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BACKGROUND & AIMS: Severe forms of inflammatory bowel disease (IBD) that develop in very young children can be caused by variants in a single gene. We performed whole-exome sequence (WES) analysis to identify genetic factors that might cause granulomatous colitis and severe perianal disease, with recurrent bacterial and viral infections, in an infant of consanguineous parents. METHODS: We performed targeted WES analysis of DNA collected from the patient and her parents. We validated our findings by a similar analysis of DNA from 150 patients with very-early-onset IBD not associated with known genetic factors analyzed in Toronto, Oxford, and Munich. We compared gene expression signatures in inflamed vs noninflamed intestinal and rectal tissues collected from patients with treatment-resistant Crohn's disease who participated in a trial of ustekinumab. We performed functional studies of identified variants in primary cells from patients and cell culture. RESULTS: We identified a homozygous variant in the tripartite motif containing 22 gene (TRIM22) of the patient, as well as in 2 patients with a disease similar phenotype. Functional studies showed that the variant disrupted the ability of TRIM22 to regulate nucleotide binding oligomerization domain containing 2 (NOD2)-dependent activation of interferon-beta signaling and nuclear factor-κB. Computational studies demonstrated a correlation between the TRIM22-NOD2 network and signaling pathways and genetic factors associated very early onset and adult-onset IBD. TRIM22 is also associated with antiviral and mycobacterial effectors and markers of inflammation, such as fecal calprotectin, C-reactive protein, and Crohn's disease activity index scores. CONCLUSIONS: In WES and targeted exome sequence analyses of an infant with severe IBD characterized by granulomatous colitis and severe perianal disease, we identified a homozygous variant of TRIM22 that affects the ability of its product to regulate NOD2. Combined computational and functional studies showed that the TRIM22-NOD2 network regulates antiviral and antibacterial signaling pathways that contribute to inflammation. Further study of this network could lead to new disease markers and therapeutic targets for patients with very early and adult-onset IBD.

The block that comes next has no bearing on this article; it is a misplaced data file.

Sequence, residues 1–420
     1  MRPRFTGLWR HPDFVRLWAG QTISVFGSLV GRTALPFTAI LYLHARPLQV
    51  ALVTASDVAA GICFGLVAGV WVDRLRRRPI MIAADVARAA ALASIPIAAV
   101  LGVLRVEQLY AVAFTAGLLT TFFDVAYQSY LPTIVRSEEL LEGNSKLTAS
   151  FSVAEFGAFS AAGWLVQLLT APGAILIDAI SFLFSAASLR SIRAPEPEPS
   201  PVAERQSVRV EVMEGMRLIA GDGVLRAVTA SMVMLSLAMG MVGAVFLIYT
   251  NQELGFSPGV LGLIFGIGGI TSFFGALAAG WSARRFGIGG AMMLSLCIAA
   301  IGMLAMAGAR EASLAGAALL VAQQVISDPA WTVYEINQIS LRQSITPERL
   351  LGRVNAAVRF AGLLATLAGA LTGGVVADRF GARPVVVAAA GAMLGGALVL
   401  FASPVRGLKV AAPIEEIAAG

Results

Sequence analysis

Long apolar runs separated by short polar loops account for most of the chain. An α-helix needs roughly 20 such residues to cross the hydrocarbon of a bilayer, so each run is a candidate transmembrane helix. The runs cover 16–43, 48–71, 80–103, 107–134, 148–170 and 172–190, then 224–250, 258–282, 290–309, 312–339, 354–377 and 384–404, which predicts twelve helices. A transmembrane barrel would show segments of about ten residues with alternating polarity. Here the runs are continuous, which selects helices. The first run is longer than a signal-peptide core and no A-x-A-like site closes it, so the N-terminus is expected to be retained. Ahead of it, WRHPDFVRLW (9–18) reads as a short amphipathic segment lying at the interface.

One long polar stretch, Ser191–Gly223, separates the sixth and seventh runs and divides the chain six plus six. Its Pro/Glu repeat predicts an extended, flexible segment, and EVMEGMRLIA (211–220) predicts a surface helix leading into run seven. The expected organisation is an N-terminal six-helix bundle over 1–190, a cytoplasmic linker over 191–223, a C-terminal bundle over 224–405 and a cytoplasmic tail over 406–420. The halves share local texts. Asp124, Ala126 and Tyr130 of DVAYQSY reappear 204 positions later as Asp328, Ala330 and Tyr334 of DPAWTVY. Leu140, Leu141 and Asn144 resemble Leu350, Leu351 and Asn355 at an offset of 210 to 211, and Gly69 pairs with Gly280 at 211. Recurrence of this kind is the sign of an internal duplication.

Original publication

DOI

10.1053/j.gastro.2016.01.031

Type

Journal article

Journal

Gastroenterology

Volume

150

Pages

1196 - 1207

Keywords

Antiviral and Antibacterial Networks, NF-kB, VEOIBD, Age of Onset, Australia, Cells, Cultured, Computational Biology, Consanguinity, Crohn Disease, Databases, Genetic, England, Exome, Female, Gene Expression Profiling, Gene Regulatory Networks, Genetic Association Studies, Genetic Predisposition to Disease, Genetic Variation, Germany, Homozygote, Humans, Infant, Newborn, Minor Histocompatibility Antigens, Nod2 Signaling Adaptor Protein, Ontario, Pedigree, Phenotype, Protein Interaction Maps, Repressor Proteins, Severity of Illness Index, Signal Transduction, Transfection, Tripartite Motif Proteins